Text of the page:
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Gordon Ramsay Royal Hospital Road


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I would indeed imagine that Ramsay first came across the idea of pigs trotter served in a haute cuisine fashion while he was working at La Tante Claire (where I'm told he used to bone a trotter in 35 seconds, partly by using his teeth).

That would be 'debone', surely?

not if you're the pig.

"Gimme a pig's foot, and a bottle of beer..." Bessie Smith

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"111,111,111 x 111,111,111 = 12,345,678,987,654,321" Bruce Frigard 'Winesonoma' - RIP

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Oh the background on the pigs trotter thing is that everyone knows it used to be the PK signature stuffed with morels and sweetbreads.

When Gordon took over the site wayback he had a riff on it on the menu as a homage to the PK signature. Rather than a whole trotter served as a main it was sliced into rounds and panfried, and served either as a starter (with fried quails eggs, if I recall) or a slice as a garnish of the fillet of beef.

However the current version is very different from that. It's a big, long slab of a pigs trotter and ham terrine, fried to finish. No sweetbread or morels in sight. Had supper there a few weeks back and spoke to Mark Askew for a while afterwards (lovely chap, btw) and he mentioned it was nothing to do with the PK dish.

In my view Gary is quite incorrect to attribute this dish or any of its previous incarnations to the influence of Fergus Henderson. In fact I can't remember ever coming across pigs trotter in any significant fashion on the St Johns menu (although I've got a nagging feeling there was some kind of pigs trotter pie dish on one of the feasting menus).

Again I also think it's an incorrect generalisation to associate use of "gizzard" with Fergus. Again, don't remember duck gizzards particularly standing out at St Johns (more a landes/confit country think e.g. tins of confit des gesiers you often find in french delics), although they did used to have a quite inedible duck neck dish on the bar menu.

J

Edited by Jon Tseng (log)
More Cookbooks than Sense - my new Cookbook blog!
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Found this link whilst on Amazon to a book due out in October this year.

It reads in synopsis that GR will be doing 50 of his classic dishes from his restaurants, then simplified versions for the home cook.

Are we expecting a big lavish production, similar to French Laundry Book?

With the price at £40 we could be.

I went into a French restaraunt and asked the waiter, 'Have you got frog's legs?' He said, 'Yes,' so I said, 'Well hop into the kitchen and get me a cheese sandwich.'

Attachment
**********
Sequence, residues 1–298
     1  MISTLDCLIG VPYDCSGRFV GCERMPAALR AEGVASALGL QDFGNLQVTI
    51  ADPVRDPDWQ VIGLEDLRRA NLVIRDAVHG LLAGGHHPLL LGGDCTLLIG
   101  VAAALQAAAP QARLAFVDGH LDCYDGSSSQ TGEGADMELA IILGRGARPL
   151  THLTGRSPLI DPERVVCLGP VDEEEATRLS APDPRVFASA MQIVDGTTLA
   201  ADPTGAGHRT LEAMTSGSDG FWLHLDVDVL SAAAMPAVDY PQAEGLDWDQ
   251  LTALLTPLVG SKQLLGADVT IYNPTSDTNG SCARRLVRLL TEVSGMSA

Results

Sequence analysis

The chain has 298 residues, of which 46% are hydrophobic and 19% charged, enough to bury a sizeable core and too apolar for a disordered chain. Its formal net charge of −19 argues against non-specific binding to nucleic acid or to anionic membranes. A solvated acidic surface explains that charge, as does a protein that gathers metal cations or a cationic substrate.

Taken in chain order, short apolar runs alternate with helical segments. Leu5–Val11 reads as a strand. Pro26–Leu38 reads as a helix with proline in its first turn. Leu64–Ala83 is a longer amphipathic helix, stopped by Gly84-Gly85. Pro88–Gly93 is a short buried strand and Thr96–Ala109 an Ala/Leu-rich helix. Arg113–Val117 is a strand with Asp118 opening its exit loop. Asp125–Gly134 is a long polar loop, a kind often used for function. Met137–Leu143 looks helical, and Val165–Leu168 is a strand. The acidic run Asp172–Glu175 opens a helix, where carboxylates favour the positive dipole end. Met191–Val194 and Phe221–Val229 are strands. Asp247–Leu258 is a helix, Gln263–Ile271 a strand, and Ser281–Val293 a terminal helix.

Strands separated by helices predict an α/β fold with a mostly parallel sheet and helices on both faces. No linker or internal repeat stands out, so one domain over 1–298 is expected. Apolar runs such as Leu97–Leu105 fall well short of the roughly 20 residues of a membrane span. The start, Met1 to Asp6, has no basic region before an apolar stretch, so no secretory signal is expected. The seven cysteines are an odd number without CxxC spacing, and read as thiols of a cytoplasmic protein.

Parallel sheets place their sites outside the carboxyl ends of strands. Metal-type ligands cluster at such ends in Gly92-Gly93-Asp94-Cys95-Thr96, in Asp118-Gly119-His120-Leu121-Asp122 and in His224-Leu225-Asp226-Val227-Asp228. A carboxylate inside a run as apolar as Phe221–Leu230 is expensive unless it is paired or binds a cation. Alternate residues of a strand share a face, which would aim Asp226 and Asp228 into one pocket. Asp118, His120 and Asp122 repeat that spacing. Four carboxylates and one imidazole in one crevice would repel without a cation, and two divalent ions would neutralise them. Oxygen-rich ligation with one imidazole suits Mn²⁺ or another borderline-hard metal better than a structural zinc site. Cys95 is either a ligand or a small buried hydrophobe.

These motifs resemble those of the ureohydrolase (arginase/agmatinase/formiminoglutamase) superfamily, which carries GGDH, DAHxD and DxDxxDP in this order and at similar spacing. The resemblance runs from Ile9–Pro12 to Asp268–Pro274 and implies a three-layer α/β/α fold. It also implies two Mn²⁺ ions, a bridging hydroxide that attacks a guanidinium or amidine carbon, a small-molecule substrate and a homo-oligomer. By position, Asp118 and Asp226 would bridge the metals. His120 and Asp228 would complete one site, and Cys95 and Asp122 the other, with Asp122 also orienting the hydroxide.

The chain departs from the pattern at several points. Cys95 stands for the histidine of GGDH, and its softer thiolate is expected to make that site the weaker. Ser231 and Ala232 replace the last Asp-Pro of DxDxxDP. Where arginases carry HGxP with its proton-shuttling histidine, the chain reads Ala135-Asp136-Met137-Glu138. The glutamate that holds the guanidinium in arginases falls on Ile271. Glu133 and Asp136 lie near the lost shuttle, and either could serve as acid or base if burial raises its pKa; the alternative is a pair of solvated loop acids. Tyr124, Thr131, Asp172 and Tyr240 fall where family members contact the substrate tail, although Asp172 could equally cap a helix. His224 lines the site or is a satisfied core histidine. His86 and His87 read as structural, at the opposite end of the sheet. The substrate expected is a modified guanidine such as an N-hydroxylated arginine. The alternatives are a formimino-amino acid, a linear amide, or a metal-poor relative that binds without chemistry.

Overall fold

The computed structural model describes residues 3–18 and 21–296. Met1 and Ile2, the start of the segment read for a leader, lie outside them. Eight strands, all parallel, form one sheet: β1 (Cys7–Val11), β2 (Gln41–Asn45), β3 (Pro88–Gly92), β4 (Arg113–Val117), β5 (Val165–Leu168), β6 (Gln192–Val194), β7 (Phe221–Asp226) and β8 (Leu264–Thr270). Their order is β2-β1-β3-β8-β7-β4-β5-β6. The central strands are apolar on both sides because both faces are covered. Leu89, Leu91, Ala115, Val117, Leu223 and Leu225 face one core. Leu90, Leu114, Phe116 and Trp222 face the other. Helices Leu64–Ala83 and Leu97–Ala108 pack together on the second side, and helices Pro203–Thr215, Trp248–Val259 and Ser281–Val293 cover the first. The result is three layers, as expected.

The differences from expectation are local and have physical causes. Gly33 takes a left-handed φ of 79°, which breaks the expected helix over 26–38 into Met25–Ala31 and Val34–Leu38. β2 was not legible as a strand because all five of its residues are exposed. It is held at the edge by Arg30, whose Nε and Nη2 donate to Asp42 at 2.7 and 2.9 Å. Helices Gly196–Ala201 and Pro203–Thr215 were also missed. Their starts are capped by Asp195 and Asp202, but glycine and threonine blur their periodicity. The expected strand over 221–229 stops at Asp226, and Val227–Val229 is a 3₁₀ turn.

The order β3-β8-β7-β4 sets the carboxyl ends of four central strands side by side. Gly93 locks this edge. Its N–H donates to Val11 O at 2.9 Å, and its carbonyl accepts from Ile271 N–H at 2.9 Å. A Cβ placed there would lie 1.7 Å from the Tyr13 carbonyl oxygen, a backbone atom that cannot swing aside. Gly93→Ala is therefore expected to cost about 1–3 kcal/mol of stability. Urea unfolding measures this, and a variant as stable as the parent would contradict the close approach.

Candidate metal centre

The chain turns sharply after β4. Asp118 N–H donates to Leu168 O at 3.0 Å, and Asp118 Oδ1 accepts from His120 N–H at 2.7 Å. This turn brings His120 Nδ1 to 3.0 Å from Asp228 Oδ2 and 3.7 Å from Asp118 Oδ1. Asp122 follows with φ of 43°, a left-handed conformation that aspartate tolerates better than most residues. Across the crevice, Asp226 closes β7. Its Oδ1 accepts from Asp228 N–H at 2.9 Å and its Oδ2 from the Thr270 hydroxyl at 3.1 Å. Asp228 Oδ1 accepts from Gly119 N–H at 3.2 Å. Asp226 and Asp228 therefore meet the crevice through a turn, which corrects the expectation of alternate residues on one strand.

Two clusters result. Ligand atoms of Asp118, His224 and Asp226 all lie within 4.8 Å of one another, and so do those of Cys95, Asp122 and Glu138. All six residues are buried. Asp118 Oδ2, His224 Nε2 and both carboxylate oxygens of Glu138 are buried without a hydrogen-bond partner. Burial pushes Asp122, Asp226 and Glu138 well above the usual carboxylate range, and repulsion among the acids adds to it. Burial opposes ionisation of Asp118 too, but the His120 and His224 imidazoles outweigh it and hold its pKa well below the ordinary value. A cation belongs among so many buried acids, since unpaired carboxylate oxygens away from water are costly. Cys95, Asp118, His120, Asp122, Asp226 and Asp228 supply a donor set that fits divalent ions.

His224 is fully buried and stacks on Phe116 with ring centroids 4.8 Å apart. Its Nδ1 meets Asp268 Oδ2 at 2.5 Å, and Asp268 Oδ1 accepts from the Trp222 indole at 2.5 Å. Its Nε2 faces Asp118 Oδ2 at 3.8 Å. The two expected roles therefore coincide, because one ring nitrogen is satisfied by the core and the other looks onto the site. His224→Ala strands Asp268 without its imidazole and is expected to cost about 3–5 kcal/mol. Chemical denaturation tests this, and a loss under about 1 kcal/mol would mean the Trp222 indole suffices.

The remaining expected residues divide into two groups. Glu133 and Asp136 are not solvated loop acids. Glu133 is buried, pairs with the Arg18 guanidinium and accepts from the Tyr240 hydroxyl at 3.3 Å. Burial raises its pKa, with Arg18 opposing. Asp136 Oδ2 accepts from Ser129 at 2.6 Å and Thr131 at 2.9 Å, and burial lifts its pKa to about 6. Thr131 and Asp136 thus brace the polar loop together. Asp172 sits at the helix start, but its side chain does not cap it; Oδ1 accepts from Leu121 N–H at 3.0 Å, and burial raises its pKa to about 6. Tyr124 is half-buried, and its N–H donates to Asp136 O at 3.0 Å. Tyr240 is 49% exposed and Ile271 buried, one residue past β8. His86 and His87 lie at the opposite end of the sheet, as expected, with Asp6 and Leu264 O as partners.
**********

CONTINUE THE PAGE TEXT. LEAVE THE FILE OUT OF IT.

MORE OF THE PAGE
Tommy Cooper

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But I daydreamed of Heston Blumenthal testing us with durian crème, a combination that I lust to try with equally intrepid dining companions.

There used to be a restaurant in Oxford called Munchy-Munchy which did durian and coconut ice cream, and it was awesome. Anyone know anywhere doing durian ice cram in London? Have to have it in a restaurant, as bringing a durian fruit into the flat would probably breach about 17 clauses in our lease...

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  • 2 months later...
Any thoughts on the Harden guides demotion of RHR? Personally, I'm not surprised.....

Last year, Hardens' press release said Sweary's influence was stifling the restaurant scene. This year, using a nearly identical list, we're told that the empire is crumbling because Walnuts is spending too much time on TV. Hypocrisy aside, you really have to admire the Harden's publicist for bashing up a story out of such unpromising material.

I'd note that RHR continues to be voted the "top gastronomic experience", which is surely the only category that counts for the city's main food-as-themepark venue. For best overall rating it loses out to Petrus, which perhaps reflects its new-found, Michelin-inspired "destination" status. (Harden's speculates that its victory is because Marcus Wareing spends his time in the kitchen -- even though he executive-s two other restaurants and makes regular appearances on all those "Breakfast with Frosting" shows. I'd bet Mark Askew, executive chef at RHR since 2001, spends a lot more time at the pass than Marcus). Meanwhile, Chez Bruce, London's long-term "favourite restaurant", also gets the "best food" vote this year. This, I'd argue, tells you more about the changing tastes of Harden's voters than it does about top-end London restaurants.

In summary: tabloid hyperbole with a dash of tall poppy syndrome, applied for the selling of guidebooks.

Edited by naebody (log)
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I think the head chef here is Simone Zanoni and Mark Askew is in the NYC restaurant.

Simone is indeed head chef at RHR, whereas Mark is executive head chef of Gordon Ramsay Holdings. Josh Emett, meanwhile, is chef de cuisine at NYC. Walnuts himself is chef patron of both RHR and NYC.

If anybody knows what the frick any of these titles actually mean, please contribute.